UK providers Accused of Overcharging users by up to £236

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Is My Bill Fair, a price check website, compared the bills of more than 100,000 broadband customers over the past six months with the average rates suppliers offered to newcomers. The research found that existing customers of major broadband ISPs – including EE, Plusnet, BT, TalkTalk, Virgin Media and Sky Broadband – are being “overcharged” between £91.20 and up to £235.56 per year as a result of the so-called “loyalty penalty.” telecom overcharged

BT broadband customers fared the worst, with nine in ten paying £236 a year more than they should.

The use of the word “overcharge” is perhaps a bit misleading since we’re NOT talking about billing mistakes. Instead this largely reflects the difference between initial discounts and post-contract pricing. The practice of offering discounts on new subscriptions exists across nearly all service sectors and is by no means unique to broadband.

In practice what this means is that the biggest ISPs tend to offer a reduced price for the first 12-24 months of a contract term in order to attract new customers, but after this the price will inevitably rise. Such discounts and special offers are fairly normal for any aggressively competitive service market, although not all ISPs are clear enough about how much you’ll pay post-contract.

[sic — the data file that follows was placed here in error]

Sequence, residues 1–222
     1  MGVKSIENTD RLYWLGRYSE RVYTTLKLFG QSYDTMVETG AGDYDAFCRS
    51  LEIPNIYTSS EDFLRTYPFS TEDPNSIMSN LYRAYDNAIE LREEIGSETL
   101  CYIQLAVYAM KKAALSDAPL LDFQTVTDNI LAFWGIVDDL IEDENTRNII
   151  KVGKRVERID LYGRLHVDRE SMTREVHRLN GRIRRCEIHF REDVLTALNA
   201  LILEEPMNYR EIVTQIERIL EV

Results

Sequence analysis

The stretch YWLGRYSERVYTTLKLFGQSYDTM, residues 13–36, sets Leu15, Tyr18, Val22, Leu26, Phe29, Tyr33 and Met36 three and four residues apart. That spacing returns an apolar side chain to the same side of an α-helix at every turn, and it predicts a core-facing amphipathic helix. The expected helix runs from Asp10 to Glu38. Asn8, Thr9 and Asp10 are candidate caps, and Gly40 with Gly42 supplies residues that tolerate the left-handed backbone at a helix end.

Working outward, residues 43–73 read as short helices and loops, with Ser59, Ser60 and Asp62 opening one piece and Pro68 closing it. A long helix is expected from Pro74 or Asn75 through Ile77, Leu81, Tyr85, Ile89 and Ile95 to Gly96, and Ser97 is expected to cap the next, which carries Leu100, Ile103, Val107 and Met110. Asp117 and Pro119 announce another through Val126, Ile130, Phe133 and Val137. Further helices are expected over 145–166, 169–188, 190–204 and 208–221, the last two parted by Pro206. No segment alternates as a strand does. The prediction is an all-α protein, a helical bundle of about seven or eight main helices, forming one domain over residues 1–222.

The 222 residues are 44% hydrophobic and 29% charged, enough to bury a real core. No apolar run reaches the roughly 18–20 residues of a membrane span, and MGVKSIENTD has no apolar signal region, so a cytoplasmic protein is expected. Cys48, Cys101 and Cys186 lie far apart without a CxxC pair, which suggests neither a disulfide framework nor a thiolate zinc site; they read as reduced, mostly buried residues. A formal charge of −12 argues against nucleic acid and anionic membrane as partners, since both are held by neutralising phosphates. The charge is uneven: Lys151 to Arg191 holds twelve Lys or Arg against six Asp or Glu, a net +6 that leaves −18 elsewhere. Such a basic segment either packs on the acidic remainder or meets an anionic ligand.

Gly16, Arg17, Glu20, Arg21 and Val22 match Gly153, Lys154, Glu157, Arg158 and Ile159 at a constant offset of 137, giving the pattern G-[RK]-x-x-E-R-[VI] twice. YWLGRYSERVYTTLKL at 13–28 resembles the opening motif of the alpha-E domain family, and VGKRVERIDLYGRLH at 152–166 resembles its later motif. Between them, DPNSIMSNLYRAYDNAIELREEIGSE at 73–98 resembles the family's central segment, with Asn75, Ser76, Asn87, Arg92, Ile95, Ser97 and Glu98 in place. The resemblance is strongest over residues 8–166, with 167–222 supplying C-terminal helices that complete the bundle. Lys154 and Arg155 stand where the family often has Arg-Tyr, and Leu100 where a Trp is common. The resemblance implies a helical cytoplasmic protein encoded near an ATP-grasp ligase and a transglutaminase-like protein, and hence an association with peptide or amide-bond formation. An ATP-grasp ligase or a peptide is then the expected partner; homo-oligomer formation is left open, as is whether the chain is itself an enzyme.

ISP Average loyalty penalty (monthly) Percentage of customers “overcharged”
BT £19.63 86%
Sky Broadband £17.80 77%
Virgin Media £15.13 77%
TalkTalk £10.66 79%
Plusnet £10.11 87%
EE £7.60 66%


Ofcom’s measures for overcharged users telecom overcharged

Ofcom has already moved to tackle this problem by introducing a new end-of-contract notification system from 15th February 2019 and they’ve also encouraged the biggest providers to support their recent Fairness for Customers commitment, as well as related proposals for a new Fairness Framework.

On top of that the regulator has this week also extracted some related pricing commitments from the biggest broadband providers, although a few of the key changes won’t start until March or mid-2020. The focus of this is also largely upon vulnerable consumers who may not switch and can remain stuck on expensive legacy packages for years.



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